Universities in Denial of Due Process

, Malcolm A. Kline, Leave a comment

The good news is that students are not quite as ignorant of their constitutional rights as we’ve thought. The bad news is that most universities don’t want them to have any.

The Foundation for Individual Rights in Education (FIRE) recently surveyed students on this question and made a comparison to the FIRE ratings on college free speech policies. Their findings are rather disheartening:

• “85 percent of respondents think students accused of misconduct should be considered innocent until proven guilty, but only 30 percent of top schools guarantee this vital protection.”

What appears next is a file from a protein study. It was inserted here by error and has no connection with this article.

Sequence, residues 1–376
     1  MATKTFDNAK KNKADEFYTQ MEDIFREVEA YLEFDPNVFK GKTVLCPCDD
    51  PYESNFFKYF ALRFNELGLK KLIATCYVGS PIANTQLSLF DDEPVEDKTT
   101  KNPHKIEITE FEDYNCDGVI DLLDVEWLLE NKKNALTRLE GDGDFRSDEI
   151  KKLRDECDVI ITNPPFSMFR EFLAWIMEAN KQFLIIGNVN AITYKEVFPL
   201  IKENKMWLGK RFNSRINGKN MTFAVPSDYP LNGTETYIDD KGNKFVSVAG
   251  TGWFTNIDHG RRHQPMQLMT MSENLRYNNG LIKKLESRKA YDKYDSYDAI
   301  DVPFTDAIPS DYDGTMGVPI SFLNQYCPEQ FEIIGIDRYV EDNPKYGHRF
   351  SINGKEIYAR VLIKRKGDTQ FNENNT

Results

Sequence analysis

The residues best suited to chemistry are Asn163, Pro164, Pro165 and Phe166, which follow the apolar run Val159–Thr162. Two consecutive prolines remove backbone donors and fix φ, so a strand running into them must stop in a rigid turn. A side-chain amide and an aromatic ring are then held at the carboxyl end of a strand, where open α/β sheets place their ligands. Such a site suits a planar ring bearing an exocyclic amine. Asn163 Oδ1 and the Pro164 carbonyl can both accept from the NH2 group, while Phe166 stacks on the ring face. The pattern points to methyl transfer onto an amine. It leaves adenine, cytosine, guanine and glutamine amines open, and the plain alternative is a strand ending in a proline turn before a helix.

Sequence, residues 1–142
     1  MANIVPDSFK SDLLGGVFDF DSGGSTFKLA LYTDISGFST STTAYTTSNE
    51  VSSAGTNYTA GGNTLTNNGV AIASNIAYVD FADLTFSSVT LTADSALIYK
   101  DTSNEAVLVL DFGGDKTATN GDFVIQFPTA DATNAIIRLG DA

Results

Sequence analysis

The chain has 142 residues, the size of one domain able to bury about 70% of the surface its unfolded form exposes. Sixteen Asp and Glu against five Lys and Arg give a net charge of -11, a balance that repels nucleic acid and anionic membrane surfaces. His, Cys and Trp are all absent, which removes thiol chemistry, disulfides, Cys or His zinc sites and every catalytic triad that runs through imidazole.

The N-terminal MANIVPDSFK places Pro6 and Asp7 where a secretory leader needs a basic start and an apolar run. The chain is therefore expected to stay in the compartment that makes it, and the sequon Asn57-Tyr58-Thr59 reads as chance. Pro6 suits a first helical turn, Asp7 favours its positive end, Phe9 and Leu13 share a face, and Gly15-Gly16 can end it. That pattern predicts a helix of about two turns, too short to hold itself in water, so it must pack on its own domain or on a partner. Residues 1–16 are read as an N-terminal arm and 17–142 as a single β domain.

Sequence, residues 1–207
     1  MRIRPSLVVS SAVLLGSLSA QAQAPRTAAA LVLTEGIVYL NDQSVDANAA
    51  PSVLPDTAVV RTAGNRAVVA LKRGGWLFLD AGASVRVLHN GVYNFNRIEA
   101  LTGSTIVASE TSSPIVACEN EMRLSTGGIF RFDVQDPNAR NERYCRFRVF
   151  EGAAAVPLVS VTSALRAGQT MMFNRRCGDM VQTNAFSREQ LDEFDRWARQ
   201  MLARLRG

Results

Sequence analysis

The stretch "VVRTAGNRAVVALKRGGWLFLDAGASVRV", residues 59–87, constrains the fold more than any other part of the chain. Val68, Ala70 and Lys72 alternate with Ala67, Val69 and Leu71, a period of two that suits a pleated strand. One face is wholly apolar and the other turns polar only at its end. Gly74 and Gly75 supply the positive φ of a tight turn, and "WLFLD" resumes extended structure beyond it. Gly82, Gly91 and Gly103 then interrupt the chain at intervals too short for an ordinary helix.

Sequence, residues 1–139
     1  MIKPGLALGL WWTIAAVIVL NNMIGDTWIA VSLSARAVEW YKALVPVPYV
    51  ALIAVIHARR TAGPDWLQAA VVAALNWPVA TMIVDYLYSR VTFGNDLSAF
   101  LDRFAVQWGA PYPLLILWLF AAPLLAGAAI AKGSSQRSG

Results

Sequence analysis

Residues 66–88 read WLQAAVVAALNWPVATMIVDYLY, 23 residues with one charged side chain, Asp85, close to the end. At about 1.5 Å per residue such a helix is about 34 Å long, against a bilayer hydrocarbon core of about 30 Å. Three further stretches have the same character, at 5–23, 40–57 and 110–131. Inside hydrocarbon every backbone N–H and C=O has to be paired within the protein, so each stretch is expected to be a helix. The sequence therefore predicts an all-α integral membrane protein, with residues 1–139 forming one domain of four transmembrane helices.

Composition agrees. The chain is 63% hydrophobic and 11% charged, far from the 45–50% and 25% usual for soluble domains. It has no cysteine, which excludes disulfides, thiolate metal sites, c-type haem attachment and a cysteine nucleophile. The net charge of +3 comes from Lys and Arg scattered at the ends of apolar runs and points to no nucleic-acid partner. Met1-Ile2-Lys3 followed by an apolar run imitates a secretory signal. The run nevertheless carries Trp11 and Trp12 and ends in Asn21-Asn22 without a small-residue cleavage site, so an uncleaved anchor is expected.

• “8 in 10 students surveyed think students accused of breaking the law should be allowed to have a lawyer help defend them in campus disciplinary proceedings, but only three top colleges allow it.”

“Colleges argue that due process can be minimal because hearings are merely ‘educational.’ Students overwhelmingly disagree, with 84 percent responding that the primary purpose of a campus disciplinary hearing is to provide justice and protection to students on campus.”